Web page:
At the office, we've retrofitted a few conference tables with simple parts from Mockett . Pretty straightforward stuff - cut the proper holes, drop in the receptacles, and plug them in.
Store it all as plain text files (mbox format?), and write a quick script to send it all to an ElasticSearch index.
While I agree mostly with what you've said, keep in mind that, as a contractor, he's been asked to provide a different service, to train the new guy, and is being compensated as both parties deem appropriate. I completely agree that the submitter shouldn't work for free, but if he's amicable to this agreement (as he appears to be) then there's no reason he can't continue. He's made his objections about hiring a newbie to do it, but it's their code to do with as they please.
Don't forget zip bombs, like 42.zip. Over 4 PB compressed down to 42k.
What if the data I stored was a string of "0" characters and the transfer was gz'd? That would shrink it quite drastically.
For what it's worth, the 13" Retina MBP has roughly the same resolution and only the HD 4000.
You won't be playing any high-end, full 3D games, but it'll be just fine for Chromebook needs.
The online version includes a license of the offline software.
You don't have to trade the whole department. But instead of hiring 5 administrators with various levels of expertise, you can hire 2 or 3 and let the experts deal with their systems.
As for those other people? Of course they're not working for you. But they're working for their bosses who are working for your business. Believe it or not, there are companies out there whose sole purpose in life is not to screw you over. Trust is earned - let them earn yours.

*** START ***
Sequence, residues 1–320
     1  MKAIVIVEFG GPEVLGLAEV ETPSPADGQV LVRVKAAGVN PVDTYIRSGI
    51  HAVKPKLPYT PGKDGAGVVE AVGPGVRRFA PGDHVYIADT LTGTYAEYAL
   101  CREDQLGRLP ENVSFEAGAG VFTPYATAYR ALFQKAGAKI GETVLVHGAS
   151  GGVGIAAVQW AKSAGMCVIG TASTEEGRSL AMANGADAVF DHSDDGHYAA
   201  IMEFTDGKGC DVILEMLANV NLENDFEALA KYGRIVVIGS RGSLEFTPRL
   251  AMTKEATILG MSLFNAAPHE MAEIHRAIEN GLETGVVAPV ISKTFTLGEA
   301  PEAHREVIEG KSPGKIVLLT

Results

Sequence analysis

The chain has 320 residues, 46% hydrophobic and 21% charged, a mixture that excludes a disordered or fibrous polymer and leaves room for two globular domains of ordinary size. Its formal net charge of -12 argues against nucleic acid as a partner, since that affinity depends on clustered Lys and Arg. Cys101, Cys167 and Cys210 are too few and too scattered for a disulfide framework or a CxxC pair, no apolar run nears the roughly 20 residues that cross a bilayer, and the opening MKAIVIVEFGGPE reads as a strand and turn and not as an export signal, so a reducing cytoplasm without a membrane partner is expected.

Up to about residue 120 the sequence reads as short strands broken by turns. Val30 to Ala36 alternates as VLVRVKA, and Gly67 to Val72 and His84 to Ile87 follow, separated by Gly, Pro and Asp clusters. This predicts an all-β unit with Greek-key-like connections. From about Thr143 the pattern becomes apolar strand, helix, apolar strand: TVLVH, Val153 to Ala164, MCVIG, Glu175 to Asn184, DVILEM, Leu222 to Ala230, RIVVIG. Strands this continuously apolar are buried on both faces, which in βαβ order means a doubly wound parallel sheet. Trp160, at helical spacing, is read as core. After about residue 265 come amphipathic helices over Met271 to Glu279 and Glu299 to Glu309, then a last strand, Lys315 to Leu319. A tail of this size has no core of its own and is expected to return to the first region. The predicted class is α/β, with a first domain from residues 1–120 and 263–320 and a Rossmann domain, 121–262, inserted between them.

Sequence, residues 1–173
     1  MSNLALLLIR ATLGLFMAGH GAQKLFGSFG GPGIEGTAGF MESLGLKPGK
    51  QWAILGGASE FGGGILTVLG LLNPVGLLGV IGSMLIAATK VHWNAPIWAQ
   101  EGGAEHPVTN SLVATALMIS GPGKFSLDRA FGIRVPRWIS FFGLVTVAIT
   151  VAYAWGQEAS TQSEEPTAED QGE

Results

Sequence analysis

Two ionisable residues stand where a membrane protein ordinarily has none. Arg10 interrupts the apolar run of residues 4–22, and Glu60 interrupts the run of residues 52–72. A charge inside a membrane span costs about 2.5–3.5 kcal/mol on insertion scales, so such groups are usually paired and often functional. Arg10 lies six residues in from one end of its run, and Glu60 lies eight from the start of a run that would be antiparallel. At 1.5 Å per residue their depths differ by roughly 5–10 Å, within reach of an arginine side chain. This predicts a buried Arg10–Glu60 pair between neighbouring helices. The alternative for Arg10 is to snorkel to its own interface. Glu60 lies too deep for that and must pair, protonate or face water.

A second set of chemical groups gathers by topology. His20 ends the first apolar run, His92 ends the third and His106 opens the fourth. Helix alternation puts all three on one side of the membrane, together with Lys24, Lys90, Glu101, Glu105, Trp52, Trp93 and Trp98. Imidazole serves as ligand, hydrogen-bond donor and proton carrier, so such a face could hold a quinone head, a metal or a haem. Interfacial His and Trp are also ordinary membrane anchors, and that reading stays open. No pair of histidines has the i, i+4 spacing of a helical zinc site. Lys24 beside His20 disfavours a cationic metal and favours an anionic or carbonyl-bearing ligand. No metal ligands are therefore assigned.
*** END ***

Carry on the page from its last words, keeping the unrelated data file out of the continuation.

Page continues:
He's not saying it will disappear, but that it's changing. IT jobs will continue to exist, but they'll be moving to service providers rather than being kept in-house.
And, frankly, this makes sense - if you pay provider X to host your mail server, you're paying them for both the hardware needs (which they can buy in bulk because they're bigger than you) and their expertise (as they're spending their days exclusively maintaining mail servers, while you may be building a webserver one day and fixing a printer the next, forcing your knowledge to be more general.
Webex's use of Java seems that it's only to launch the native client. I'm not sure why they go this route rather than using a URL handler (e.g. webex://[meetingnum]), but once it fires off the native client, it's no longer in use.
What's great about running Java on the server platform is that while most of these exploits allow properly crafted code to do something nasty, our goal as a service provider is to never let users run their own code on our servers in the first place.
Managing SSH keys for known service accounts is easy with configuration management tools like Puppet, Chef, or Salt.
Long lost friends wouldn't have to - they'd ask to be your friend first. Once they're your friend, you don't have to pay. This is for when you want to message people you actually aren't friends with.